The Corner Gallery

Bela Borsodi

Birth Life Death

May 25 — Jun 23, 2024

The Corner Gallery is pleased to announce Birth Life Death, an exhibition of new photographic works by Bela Borsodi (b. 1966, Vienna, Austria). This is his first exhibition in upstate New York. 

Birth Life Death brings together a collection of large scale color photographs, each a depiction of an assortment of items seemingly plucked from modern life at random. Their initial simplicity—both in form and content—is quickly contradicted. Throughout, Borsodi seeks to probe our human condition through juxtaposing objects whose own ‘personalities’ come to the fore and exist with a tension within their surrounding environments. These objects—common things with distinct purposes—are labeled with in-camera lettering that at first feels contradictory and tickles the absurd, then upon further exploration reveals a thread of existential inquiry that stretches back for centuries.

Albert Camus’ essay The Myth of Sisyphus begins with a bang. “There is but one truly serious philosophical problem, and that is suicide. Judging whether life is or is not worth living amounts to answering the fundamental question of philosophy.” The rest, he contends, are a series of games. In one of Borsodi’s images, a fork supports a gnarled beetroot on a wooden incline. The fork is labeled “Sisyphus,” and the root vegetable “The Absurd.” Here we begin to see the game that Borsodi intends for us to play. Humorous but never frivolous, a serious line of inquiry is drawn.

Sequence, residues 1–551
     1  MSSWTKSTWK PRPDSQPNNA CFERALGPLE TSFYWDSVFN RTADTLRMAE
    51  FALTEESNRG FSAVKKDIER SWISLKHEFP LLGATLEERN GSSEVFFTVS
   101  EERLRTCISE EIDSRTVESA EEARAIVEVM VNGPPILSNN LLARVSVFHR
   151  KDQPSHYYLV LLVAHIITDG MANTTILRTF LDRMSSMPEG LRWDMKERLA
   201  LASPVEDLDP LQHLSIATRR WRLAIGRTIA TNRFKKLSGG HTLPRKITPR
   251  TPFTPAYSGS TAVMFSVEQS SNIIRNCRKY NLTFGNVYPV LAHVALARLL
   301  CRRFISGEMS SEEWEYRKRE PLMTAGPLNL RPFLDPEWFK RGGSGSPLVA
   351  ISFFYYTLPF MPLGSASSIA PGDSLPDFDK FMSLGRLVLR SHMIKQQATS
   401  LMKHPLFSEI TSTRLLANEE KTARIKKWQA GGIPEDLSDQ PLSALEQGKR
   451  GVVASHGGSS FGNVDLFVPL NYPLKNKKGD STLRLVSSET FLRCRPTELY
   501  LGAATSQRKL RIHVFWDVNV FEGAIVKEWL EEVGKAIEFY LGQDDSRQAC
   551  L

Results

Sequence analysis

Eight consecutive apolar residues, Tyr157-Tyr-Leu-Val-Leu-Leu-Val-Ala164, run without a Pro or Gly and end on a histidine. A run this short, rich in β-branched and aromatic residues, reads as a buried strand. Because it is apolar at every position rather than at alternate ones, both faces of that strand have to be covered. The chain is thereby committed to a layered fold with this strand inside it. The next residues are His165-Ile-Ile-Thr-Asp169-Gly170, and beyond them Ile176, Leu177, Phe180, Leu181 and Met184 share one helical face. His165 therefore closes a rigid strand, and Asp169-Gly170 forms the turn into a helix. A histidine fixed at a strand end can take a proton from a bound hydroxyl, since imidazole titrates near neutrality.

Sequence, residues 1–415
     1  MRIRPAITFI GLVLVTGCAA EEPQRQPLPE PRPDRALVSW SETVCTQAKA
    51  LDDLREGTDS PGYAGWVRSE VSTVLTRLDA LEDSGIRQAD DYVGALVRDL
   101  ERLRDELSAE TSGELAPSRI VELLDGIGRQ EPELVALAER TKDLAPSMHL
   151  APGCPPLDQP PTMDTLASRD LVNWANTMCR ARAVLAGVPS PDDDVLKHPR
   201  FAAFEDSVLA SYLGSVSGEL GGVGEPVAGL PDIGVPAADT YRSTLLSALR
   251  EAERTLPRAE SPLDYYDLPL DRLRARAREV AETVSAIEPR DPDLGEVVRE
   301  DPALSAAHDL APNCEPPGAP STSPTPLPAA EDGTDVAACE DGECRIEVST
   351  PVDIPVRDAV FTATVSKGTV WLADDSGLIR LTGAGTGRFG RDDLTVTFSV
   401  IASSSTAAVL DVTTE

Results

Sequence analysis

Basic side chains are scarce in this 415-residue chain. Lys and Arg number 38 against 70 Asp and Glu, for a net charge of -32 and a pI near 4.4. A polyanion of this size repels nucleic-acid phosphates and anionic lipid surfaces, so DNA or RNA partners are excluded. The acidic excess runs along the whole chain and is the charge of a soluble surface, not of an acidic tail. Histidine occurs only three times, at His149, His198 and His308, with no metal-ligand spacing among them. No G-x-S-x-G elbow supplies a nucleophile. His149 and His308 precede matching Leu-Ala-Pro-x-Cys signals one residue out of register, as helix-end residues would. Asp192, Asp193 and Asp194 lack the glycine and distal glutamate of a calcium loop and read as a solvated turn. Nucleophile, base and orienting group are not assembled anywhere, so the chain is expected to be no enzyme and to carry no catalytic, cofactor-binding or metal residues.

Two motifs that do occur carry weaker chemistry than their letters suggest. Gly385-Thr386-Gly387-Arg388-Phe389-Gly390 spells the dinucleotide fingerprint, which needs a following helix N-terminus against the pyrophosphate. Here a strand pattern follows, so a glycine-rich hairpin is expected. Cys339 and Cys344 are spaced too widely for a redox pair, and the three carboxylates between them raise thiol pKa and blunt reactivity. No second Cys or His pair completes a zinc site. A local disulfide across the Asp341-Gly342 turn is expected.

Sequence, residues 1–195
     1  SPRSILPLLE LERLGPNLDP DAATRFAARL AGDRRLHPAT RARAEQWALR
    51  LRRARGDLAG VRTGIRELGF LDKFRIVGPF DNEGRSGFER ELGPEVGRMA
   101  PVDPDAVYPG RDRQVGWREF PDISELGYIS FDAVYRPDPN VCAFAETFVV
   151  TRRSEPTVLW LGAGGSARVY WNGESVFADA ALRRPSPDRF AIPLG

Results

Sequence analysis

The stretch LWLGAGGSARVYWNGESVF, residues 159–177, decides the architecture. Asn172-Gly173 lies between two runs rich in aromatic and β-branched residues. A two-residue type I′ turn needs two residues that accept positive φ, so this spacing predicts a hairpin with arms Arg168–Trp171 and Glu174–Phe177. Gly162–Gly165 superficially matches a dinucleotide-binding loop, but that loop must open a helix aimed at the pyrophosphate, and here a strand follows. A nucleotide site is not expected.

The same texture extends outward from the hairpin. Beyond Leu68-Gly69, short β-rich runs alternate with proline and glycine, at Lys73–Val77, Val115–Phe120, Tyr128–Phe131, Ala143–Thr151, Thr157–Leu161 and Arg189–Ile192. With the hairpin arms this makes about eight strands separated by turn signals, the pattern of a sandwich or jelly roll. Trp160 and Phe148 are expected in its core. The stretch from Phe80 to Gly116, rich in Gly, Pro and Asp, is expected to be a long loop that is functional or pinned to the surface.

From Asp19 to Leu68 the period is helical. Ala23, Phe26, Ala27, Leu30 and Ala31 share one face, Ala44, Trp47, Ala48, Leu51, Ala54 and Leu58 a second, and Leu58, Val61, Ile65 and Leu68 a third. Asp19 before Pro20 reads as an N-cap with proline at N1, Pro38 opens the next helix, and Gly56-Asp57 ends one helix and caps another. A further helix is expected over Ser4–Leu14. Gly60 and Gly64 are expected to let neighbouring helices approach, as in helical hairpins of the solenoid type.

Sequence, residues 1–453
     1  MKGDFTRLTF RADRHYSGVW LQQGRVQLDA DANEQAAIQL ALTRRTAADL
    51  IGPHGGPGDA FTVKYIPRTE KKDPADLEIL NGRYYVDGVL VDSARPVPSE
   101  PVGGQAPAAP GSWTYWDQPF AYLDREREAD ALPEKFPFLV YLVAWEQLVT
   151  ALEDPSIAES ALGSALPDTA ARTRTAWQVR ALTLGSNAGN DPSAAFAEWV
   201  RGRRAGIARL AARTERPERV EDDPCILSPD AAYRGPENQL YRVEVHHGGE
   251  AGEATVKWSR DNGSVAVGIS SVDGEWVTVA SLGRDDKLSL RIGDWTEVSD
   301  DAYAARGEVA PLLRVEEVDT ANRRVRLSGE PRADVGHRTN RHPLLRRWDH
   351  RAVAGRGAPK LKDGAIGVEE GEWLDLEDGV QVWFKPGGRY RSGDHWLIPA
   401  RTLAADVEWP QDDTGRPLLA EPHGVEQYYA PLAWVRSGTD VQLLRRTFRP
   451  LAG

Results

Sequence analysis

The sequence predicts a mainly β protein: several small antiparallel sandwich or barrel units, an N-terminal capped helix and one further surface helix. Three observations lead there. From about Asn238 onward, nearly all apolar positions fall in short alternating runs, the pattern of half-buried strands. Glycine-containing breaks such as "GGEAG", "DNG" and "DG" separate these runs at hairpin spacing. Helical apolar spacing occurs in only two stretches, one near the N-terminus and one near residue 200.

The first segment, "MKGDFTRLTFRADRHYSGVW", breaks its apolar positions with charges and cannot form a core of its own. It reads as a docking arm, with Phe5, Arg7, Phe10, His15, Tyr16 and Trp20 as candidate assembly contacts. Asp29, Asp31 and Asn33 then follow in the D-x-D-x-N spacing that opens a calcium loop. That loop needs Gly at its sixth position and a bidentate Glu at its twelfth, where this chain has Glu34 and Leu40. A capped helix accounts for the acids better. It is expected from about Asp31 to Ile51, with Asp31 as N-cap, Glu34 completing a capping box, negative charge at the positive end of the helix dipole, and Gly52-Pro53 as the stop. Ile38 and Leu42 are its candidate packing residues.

The images’ casual appearance—hard flash, shadows, and glare—belies a complexity that is both practical and conceptual. Every shadow, dropoff, highlight is considered and each object’s quality has to be just right. Not just any ashtray is at the center of Trinity (where Father, Son, and the Holy Spirit are depicted by smoldering cigarettes), but one that fits thematically and aesthetically. Salome shows a pear, a long established symbol of female form, and below lies John the Baptist’s head—another pear, lopped up top and clearly recognizable as the head of the fruit. It wouldn't work with an apple. Everything is purposeful.

Borsodi’s quotidian objects reveal themselves and us. In one image, intertwined air travel support pillows, one labeled ‘comedy’ the other ‘tragedy,’ sit in a dimestore plastic bucket—a proletarian distillation of dramatic theory that traces back towards Aristotle’s Poetics. In many ways these modest things—cheap electronics, plastic gewgaws, future landfill—are given permission to engage in the same conversations dreamt up in fin de siècle salons, half a world and several lifetimes ago. 

—James Casey


Opening reception: May 25, 4 — 6 pm